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The Peak Power List 2017: Lai Chang Wen

When existing delivery services couldn't cut it, he decided to take matters into his own hands, and started Ninja Van.

Co-founder and CEO of Ninja Van
YEARS IN OPERATION: 3
THE TECH: Next-day door-to-door delivery for e-commerce firms and its customers.


The screen lights up periodically, and you catch his eyes darting to his phone to read its display. Every now and then, Lai Chang Wen caves in to temptation, reaches out for the gadget and starts typing with his thumbs.

“I’m still listening,” the 30-year-old co-founder and CEO of Ninja Van assures us during this interview. “Don’t worry, I can multi-task. I always reply e-mail within five minutes. If I expect people to be responsive, I have to be responsive too.” Innate or not, the nature of his fast-growing logistics business requires such promptness. Barely three years ago, Lai and his two co-founders were personally delivering parcels in a van that broke down every second day.

Today, Ninja Van has roused an industry once thought to be archaic by addressing e-commerce’s needs for next-day (with some exceptions for international purchases) door-to-door delivery. It now operates in six countries across South-east Asia, with more than 800 staff (excluding drivers) and thousands of vehicles handling close to 100,000 deliveries a day for clients such as Watsons, Shopee and Zalora.

Reuters reported that the home-grown e-commerce logistics provider and last mile delivery service is allegedly raising US$60 million (S$80 million), after receiving US$30 million last year. Lai says it’s “not true” and declined to comment further.

The former derivatives trader has his first start-up to thank for his current success. Marcella, a made-to-measure menswear line, often faced complaints from customers whose deliveries were either delayed or lost. “I recounted the issue to a few friends and told them it couldn’t be hard to solve. They said, ‘Why don’t you try? We’ll invest.’’’ Lai took the plunge.

Lai Chang Wen, co-founder and CEO of NinjaVan

The first six months were the toughest. Besides talking to couriers to figure out the logistics business, they had a hard time figuring out how to scale. “At one point, we spent the entire night sorting three parcels. We had 150 to process by the next morning. We almost gave up,” Lai recalls. “This idea of scaling linearly and exponentially also applies to a lot of things. You cannot let effort become exponential when work grows linearly. In management, you need to train three people and empower them so that they in turn would train three more.”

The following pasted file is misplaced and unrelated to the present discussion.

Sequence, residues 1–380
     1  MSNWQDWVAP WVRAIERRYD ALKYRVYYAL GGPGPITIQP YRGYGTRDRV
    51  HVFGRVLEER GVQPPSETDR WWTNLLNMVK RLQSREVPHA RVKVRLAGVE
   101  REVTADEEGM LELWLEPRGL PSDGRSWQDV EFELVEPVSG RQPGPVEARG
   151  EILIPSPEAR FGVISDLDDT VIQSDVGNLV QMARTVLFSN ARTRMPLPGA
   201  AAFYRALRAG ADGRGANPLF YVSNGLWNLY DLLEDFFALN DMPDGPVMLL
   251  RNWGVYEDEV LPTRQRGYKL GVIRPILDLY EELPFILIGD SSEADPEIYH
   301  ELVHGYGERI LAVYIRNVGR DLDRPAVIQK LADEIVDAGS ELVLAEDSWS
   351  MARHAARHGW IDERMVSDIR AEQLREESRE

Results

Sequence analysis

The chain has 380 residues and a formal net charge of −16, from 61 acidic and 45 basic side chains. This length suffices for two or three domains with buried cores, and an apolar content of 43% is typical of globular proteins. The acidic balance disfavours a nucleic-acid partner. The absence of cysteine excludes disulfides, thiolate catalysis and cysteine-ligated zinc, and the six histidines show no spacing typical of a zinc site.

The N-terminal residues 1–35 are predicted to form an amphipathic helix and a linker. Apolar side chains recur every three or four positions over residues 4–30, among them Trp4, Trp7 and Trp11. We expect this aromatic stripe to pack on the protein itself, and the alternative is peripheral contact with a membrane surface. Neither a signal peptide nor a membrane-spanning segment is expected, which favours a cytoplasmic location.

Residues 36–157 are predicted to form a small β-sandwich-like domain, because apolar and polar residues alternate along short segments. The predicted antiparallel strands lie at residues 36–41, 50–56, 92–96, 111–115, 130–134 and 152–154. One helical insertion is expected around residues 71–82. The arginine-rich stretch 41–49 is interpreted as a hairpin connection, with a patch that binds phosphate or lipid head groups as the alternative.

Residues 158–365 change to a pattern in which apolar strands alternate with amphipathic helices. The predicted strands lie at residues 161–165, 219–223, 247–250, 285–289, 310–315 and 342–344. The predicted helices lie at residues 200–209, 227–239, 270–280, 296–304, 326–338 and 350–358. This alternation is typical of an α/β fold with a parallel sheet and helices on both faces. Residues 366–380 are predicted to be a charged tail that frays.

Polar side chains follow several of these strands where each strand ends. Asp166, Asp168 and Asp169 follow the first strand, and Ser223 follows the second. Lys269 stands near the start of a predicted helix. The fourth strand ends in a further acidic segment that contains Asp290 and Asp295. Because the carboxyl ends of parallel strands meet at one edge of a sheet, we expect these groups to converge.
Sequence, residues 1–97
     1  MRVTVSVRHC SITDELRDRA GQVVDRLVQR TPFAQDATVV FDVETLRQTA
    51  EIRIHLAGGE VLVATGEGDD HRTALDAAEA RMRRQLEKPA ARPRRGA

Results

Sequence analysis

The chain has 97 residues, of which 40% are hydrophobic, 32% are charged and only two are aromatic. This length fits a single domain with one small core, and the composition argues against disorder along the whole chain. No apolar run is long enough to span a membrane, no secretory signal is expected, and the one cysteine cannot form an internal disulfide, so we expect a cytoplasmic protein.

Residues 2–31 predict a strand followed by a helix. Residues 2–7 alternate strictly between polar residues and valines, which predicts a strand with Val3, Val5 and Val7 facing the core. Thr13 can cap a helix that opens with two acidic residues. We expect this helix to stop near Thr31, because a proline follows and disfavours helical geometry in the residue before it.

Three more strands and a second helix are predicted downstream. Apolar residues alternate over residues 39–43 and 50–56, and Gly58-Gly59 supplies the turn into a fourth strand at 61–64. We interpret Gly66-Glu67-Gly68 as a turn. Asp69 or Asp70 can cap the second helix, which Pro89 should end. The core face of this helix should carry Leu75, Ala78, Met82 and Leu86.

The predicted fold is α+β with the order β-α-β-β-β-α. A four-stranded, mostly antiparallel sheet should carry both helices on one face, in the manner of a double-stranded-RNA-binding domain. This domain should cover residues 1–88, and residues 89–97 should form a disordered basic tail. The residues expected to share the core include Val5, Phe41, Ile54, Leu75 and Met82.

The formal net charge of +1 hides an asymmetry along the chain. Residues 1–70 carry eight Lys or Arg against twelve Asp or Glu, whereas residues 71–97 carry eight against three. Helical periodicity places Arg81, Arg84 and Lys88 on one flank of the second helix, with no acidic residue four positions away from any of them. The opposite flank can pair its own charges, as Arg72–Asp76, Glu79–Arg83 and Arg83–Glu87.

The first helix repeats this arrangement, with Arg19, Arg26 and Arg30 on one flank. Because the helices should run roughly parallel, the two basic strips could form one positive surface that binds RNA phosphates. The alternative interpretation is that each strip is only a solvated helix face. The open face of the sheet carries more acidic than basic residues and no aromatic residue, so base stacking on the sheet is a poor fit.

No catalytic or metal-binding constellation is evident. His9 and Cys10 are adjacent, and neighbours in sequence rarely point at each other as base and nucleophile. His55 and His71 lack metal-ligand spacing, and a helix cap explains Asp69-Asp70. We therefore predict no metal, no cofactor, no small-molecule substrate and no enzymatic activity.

While Ninja Van’s in-house algorithmic-driven system has often been cited as its competitive edge, Lai says that other factors such as localisation, staff motivation and luck are far more important.

He explains: “If we had done this two years later, we would’ve missed the e-commerce boom. Two years before, and we would’ve been too early. Logistics is not something you think you’d join when you’re in school. It’s about understanding and acceding to the needs of e-commerce; it’s logistics in the backdrop of e-commerce, rather than logistics per se. Take Marcella. I’m the least fashionable person so I probably shouldn’t have started it. It was to address market needs.”

As he dishes hiring tips (“we like people who are self-aware”), it’s easy to forget that the worldly Lai is all of 30 years old and Ninja Van is only three. Asked if he feels he’s had to grow up faster than his peers, he pauses and his quick-fire responses take a more contemplative tone. He recalls hiring friends to staff the team in the beginning, and straddling the contentious fine line between friend and colleague. His emotions have “flatlined” and he’s taken to playing golf, which calms his mind. His social life has taken a hit because he’s consumed by work and “after a while, you stop being included”.

Still, a life fulfilled is the only life worth living. “It’s nice to earn a decent salary in the bank and drive a nice car. There may be times that I am envious of the lives my banker friends have, but I don’t regret moving away from that. A very good mindset is to minimise regret. I can truly say I’ve maxed out my life.”

IN 60 SECONDS

The best advice I’ve received is not to get muddled with everyday problems, such that you forget to take a step back to look at the bigger picture.

What keeps me going is the responsibility of sustaining and growing the business.

Age is a double-edged sword. I can stay up for 20 hours to serve you better, but if we look too young, we may not seem credible.


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